|a l a s k a j o u r n e y . c o m|
|Southcentral Mountains & Prince William Sound|
The Copper River gathers the waters of the Talkeetna, Alaska, Chugach, and Wrangell Mountains before cutting its deep path through the Chugach Mountains to the Pacific. Much higher in elevation than the MatSu basin to the west, the Copper Valley does not support agriculture. Residents are few and towns small, but the areas attractions and accessibility by road make it a popular destination for hunters, fishers, and outdoor adventurers.
Ahtna Athabascans lived in the basin for hundreds of years before explorers and trappers arrived in the 1800s, followed soon thereafter by miners. Most prospectors saught gold, but it was copper mining in the Wrangells that had the greatest impact on the region. The establishment of the Kennecott Mine north of McCarthy led to road and railroad building. An important early trade and transport route from Valdez to Fairbanks followed the path of what is today the Richardson Highway. Several Copper River basin communities began as roadhouse and supply locations for both the mine and the overland route. Today the Trans-Alaska Pipeline parallels the Richardson, adding oil-service jobs and industry to the corridor.
Visitors usually reach the basin by road via one of four mountain passes, reinforcing its isolated image. Much of the region is forested with white and black spruce, while stands of aspen trees turn brilliant yellow and orange in the fall. In upland and boggy areas, the forest thins, yielding to expansive areas of brush, muskeg, and wetlands. Towns are small and services spread out. The climate is more like that of the Interior than the coast, with extreme temperatures and light precipitation. The high peaks of the Wrangells dominate the landscape and include Mount Wrangell (14,163'), the largest active volcano in the United States; Mount Blackburn (16,390'); Mount Sanford (16,237'); and Mount Drum (12,010').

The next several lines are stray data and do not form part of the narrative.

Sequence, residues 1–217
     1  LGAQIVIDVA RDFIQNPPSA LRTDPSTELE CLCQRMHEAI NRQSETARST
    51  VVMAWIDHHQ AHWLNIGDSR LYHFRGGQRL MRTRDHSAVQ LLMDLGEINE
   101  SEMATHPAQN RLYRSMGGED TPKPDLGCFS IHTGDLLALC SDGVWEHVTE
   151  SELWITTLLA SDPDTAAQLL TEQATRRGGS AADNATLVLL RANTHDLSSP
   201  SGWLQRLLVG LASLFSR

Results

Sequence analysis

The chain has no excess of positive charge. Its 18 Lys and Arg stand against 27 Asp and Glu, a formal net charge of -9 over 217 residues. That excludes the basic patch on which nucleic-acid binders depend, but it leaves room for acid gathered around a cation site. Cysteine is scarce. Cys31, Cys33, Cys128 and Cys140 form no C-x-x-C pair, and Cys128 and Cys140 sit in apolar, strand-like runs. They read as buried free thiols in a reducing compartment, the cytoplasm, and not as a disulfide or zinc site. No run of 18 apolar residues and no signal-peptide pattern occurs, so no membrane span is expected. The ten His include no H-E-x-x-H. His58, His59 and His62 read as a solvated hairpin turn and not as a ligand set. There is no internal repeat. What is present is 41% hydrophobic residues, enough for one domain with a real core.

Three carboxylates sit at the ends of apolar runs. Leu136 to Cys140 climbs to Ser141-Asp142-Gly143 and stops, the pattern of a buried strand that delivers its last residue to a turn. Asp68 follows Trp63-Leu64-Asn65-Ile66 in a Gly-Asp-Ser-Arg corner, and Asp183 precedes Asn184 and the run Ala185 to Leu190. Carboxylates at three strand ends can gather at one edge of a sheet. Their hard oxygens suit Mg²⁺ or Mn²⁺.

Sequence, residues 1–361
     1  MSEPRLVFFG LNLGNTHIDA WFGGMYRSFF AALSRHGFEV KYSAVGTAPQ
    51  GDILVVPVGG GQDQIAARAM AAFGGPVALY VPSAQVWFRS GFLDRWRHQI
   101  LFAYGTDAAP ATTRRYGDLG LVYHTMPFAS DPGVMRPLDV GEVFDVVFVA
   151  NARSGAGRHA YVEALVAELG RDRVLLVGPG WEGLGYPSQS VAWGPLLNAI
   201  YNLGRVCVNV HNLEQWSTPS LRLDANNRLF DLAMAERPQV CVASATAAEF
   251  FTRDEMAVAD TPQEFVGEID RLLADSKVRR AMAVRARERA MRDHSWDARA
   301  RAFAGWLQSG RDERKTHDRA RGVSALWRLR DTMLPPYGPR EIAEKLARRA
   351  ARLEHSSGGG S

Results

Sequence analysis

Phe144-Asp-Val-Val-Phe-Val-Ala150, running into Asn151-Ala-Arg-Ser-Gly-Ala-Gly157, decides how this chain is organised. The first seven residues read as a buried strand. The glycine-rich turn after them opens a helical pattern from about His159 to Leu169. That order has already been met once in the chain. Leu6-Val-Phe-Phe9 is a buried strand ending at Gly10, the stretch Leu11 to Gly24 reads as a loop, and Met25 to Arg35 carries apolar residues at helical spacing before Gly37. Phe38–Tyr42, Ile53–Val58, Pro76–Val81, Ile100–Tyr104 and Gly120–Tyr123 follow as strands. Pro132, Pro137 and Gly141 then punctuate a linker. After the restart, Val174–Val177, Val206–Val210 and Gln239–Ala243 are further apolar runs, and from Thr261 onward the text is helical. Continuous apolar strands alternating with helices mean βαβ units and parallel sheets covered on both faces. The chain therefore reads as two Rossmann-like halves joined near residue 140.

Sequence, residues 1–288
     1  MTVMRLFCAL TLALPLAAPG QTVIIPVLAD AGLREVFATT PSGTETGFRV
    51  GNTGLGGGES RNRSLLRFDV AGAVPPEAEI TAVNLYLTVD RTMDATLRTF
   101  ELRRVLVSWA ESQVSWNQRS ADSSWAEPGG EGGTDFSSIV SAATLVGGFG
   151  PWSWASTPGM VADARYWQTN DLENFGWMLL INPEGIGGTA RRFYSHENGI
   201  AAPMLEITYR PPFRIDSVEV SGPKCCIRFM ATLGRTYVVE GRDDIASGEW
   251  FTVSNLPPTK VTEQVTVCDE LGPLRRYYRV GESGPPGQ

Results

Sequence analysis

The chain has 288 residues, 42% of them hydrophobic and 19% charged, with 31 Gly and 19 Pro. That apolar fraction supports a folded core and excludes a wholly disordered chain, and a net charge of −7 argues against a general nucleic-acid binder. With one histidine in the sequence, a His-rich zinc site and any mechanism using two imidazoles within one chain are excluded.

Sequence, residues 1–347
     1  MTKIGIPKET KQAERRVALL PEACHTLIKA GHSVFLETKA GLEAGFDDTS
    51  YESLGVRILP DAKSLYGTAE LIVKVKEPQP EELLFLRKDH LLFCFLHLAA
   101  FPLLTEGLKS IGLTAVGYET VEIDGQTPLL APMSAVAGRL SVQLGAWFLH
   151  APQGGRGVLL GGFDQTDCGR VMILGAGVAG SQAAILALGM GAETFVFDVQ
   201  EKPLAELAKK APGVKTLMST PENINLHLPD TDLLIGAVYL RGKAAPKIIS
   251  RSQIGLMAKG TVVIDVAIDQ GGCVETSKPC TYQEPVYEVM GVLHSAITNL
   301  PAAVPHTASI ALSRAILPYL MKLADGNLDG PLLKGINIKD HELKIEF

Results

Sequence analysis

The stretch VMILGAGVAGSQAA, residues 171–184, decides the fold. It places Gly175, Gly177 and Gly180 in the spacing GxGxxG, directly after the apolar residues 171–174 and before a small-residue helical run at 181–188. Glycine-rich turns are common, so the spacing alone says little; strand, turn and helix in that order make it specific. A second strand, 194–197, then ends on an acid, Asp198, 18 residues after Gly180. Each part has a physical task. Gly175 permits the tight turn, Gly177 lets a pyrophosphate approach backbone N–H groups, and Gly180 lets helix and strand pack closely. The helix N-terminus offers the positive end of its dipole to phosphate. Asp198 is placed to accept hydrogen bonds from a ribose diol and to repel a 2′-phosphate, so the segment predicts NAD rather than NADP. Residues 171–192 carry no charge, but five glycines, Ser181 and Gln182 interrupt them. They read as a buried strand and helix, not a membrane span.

Many Copper River basin listings are found in the milepost guides for three main highway segments: the Glenn Highway, Tok Cutoff (part of the Glenn), and the southern half of the Richardson. The milepost listings for the northern half of the Richardson are found in chapter 12.
Floating the Copper
The Slana River bridge near Slana at the head of the Nabesna Road is a recognized put-in for long-distance float trips on the Copper River. The river parallels highways as far as Chitina, then cuts through the Chugach Mountains along the historic, abandoned rail line from Kennicott to Cordova. The take-out is the Million Dollar Bridge near Childs Glacier, 245 miles from Slana. Several shorter routes are possible because of generally easy land access. Class II to IV whitewater stretches are found along the way. To experience the most scenically rugged portion of the route, start in Chitina.
Towns on the highway near the Copper include Slana, Gakona, Gulkana, Glenallen, Copper Center, and Chitina. A few outfitters and riverboat services operate along the route (see the Appendix). Consult the rangers of WrangellSt. Elias National Park and Preserve when planning, as most of the route is within the park boundary (much of it is the boundary).